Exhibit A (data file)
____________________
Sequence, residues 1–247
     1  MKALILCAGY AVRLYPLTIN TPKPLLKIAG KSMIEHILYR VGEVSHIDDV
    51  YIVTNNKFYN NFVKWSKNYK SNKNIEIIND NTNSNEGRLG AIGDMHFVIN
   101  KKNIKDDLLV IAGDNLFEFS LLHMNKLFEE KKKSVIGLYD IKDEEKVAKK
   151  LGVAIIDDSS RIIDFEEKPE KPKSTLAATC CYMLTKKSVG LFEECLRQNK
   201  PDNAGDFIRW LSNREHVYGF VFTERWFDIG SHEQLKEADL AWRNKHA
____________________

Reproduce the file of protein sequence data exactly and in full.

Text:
Sequence, residues 1–247
     1  MKALILCAGY AVRLYPLTIN TPKPLLKIAG KSMIEHILYR VGEVSHIDDV
    51  YIVTNNKFYN NFVKWSKNYK SNKNIEIIND NTNSNEGRLG AIGDMHFVIN
   101  KKNIKDDLLV IAGDNLFEFS LLHMNKLFEE KKKSVIGLYD IKDEEKVAKK
   151  LGVAIIDDSS RIIDFEEKPE KPKSTLAATC CYMLTKKSVG LFEECLRQNK
   201  PDNAGDFIRW LSNREHVYGF VFTERWFDIG SHEQLKEADL AWRNKHA